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Nigeria: potato farming… in a sack

How farming in sacks is helping farmers like Yahaya in Nigeria to feed their families and fend off food insecurity.

Written by Tarryn Pegna | 19 Apr 2024

Yahaya in Nigeria tends to his potato plants in sacks. They are arranged in a small walled garden space.

Yahaya in Nigeria tends his potatoes. Farming in sacks, using poultry and pig droppings as fertiliser, is helping farmers like him overcome the problem of not enough farmland. Credit: Tearfund

Yahaya and his family love ‘Irish’. It’s what potatoes are often locally referred to as in Nigeria, and no matter where we are or what we call them, many of us would wholeheartedly agree with this love. Baked, chipped, mashed, dauphinoise-d... However you serve them, potatoes are versatile and can be served up in a multitude of delicious ways – Yahaya says his family’s favourite is to have them fried or in pottage (a kind of potato porridge).

Nutritional benefits of potatoes

Apart from being delicious, potatoes are also nutritious. They are:

  • full of carbohydrates (for energy) and fibre (for digestion);
  • low in fat, and also contain high-quality protein;
  • rich in vitamin C (which is an antioxidant) and potassium which helps aid the workings of our heart, muscles, and nervous system.

Yahaya used to go to the market often to buy potatoes for his family – which includes seven children. He says it cost him a lot. ‘I felt so stressed about how to go about the purchase of Irish for the family every week,’ he tells us. ‘[I thought], if only I could find a convenient way to produce Irish myself!’

‘I was shocked with what I saw! Sack farming has great benefits.’
Yahaya, farmer in Nigeria

To try to make a living and feed his family, Yahaya has a small business selling rice and other daily essentials, but farming for food in the area has been full of difficulties, partly because there is not enough land available. Increasing development has swallowed up space for crops, and a shortage of grazing land for livestock has caused (often violent) conflict with cattle herders.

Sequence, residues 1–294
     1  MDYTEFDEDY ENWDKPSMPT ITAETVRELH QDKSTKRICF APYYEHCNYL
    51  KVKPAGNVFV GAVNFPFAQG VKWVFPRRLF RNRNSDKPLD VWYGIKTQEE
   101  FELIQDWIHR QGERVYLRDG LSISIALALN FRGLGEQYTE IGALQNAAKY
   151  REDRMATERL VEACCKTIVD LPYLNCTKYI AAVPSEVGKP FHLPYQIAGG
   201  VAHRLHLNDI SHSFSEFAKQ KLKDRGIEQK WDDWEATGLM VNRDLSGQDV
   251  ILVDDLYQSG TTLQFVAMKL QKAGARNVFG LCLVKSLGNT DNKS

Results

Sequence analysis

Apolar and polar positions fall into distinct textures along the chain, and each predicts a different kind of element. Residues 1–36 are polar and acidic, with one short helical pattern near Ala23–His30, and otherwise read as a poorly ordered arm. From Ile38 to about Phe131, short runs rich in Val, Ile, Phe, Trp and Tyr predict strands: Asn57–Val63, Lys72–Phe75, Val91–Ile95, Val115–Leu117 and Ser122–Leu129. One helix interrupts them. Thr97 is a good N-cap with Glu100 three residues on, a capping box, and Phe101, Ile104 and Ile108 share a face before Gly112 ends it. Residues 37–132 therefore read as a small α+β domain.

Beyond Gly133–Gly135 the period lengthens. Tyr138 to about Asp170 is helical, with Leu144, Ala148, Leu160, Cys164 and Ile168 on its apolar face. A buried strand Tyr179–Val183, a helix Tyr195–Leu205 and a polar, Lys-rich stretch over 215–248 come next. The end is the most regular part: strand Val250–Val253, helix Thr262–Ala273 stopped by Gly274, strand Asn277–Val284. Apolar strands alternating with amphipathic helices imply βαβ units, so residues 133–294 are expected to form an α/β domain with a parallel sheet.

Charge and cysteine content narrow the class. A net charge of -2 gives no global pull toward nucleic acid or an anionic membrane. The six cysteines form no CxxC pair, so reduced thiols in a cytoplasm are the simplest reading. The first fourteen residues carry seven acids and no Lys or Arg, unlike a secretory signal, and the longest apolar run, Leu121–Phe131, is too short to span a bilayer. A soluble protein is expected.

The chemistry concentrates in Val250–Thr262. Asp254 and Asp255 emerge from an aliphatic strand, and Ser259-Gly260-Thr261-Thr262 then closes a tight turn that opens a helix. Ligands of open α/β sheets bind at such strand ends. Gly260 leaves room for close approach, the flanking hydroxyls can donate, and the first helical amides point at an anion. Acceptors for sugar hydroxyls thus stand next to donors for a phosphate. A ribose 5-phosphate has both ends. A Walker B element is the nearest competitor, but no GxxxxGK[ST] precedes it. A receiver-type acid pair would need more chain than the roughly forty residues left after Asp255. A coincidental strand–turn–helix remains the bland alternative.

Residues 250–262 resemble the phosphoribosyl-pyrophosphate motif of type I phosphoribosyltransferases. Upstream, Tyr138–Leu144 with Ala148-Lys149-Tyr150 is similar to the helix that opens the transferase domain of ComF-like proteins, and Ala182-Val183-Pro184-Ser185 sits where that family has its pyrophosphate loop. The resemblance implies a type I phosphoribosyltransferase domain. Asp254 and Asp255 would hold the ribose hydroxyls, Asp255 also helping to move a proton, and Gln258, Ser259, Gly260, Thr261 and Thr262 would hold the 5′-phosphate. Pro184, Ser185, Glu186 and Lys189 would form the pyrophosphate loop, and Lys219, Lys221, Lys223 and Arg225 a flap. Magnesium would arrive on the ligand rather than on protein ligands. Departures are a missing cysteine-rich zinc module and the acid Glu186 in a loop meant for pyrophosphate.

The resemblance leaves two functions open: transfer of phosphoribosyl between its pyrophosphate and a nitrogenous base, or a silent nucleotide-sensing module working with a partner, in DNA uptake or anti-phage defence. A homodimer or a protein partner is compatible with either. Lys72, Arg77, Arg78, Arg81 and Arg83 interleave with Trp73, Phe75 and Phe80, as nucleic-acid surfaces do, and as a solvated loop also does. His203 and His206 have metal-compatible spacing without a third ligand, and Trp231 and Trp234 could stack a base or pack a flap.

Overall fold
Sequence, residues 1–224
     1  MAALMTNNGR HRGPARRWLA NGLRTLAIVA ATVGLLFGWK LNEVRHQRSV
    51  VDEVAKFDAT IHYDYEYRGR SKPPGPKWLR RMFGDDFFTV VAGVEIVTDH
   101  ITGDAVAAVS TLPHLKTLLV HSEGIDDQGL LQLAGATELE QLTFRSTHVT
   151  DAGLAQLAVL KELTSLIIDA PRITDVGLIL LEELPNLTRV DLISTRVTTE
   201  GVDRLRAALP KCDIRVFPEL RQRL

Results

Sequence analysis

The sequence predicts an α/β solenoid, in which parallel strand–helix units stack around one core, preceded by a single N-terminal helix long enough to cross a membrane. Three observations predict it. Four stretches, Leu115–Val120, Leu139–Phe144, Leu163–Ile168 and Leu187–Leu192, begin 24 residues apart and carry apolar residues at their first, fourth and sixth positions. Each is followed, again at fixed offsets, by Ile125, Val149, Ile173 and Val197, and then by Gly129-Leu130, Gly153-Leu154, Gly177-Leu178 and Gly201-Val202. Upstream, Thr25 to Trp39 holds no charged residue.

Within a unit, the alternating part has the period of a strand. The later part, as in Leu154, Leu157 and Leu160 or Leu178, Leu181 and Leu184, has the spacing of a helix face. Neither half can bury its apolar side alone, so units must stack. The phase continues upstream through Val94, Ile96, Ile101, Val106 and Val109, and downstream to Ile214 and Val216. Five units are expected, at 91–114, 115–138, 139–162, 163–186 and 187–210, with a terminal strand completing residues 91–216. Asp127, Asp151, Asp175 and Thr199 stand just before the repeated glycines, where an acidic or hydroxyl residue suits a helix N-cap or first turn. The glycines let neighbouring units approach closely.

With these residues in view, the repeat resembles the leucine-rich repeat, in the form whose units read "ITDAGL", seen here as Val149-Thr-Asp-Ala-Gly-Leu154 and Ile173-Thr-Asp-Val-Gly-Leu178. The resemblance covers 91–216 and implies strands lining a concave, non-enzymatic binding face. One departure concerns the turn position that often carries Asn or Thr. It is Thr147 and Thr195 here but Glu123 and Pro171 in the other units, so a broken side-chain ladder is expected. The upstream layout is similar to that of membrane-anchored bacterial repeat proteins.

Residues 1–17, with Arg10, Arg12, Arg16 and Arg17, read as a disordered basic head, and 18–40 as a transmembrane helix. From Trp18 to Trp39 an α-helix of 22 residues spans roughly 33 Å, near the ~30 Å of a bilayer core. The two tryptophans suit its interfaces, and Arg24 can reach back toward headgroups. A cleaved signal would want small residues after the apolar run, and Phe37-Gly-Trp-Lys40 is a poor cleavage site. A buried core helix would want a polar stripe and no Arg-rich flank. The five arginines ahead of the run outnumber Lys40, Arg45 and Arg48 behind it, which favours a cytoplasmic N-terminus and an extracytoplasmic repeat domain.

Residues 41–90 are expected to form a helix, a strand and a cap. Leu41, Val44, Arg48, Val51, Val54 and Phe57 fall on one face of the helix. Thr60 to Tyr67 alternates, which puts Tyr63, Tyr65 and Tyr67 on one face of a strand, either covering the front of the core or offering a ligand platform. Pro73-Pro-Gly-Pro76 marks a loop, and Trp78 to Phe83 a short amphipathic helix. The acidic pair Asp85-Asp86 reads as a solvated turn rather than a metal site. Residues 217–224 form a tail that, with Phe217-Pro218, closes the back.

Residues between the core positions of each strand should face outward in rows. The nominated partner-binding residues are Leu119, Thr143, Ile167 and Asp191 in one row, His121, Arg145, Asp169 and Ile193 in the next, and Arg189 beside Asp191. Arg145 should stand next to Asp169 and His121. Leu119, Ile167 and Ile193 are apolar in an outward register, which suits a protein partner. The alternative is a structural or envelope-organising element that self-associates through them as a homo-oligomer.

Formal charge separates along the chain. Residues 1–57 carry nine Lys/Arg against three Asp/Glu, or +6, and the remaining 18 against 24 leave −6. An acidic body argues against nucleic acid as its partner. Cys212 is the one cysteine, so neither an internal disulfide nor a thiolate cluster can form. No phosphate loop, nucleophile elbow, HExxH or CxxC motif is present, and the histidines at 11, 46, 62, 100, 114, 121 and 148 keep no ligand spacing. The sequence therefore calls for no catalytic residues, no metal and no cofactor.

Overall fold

Delicious drought-resistant, climate-friendly potatoes

However, another brilliant thing about potatoes is that they’re resistant to drought, cold, and barren land, and very adaptable. This means they are reasonably easy to grow. They’re also a climate-friendly crop, as they produce relatively low levels of greenhouse gas emissions and a very high percentage of the plant is edible. In fact, this recent study found that potatoes produce more food energy per cubic metre of water used than any major crop. Because of all of these great things, our local partner in Nigeria has been providing farmers with training on how to grow potatoes inside sacks!

Training farmers, transforming lives

Yahaya’s wife was one of the people who received this training and she passed on what she learned to Yahaya. She and other farmers were taught how to use poultry droppings and pig droppings as fertiliser to mix with soil inside sacks, creating a rich soil environment which is perfect for growing crops. The sacks also take up much less space than farming in a traditional field, and it reuses sacks that would otherwise become waste.

‘I was shocked with what I saw!’ Yahaya says. ‘Sack farming has great benefits.’

Yahaya says it brings hope for the future for farmers as they don’t need to own farmland to grow potatoes in this way. This means that they’ll be able to provide potatoes for their own families to eat as well as income for their other needs. And it will reduce the violence between herders and farmers.

‘I will make sure other farmers learn what I am practising now, which is sack farming,’ says Yahaya.

If you’d like to donate to help ensure more work like this helps people like Yahaya around the world to feed their families, you can give here. Thank you.

Pray for Nigeria

    • Pray for farmers like Yahaya. Ask God for good crops for them as they implement the training so that they will be able to feed and provide for their families.
    • Pray for an end to violent conflict and kidnappings – often directly related to a shortage of food, money and land – in Nigeria.
    • Pray for our local partners. Ask God for safety and encouragement for them and continuing innovation and excellence as they help transform the lives of those facing poverty and hunger.

Written by

Written by  Tarryn Pegna

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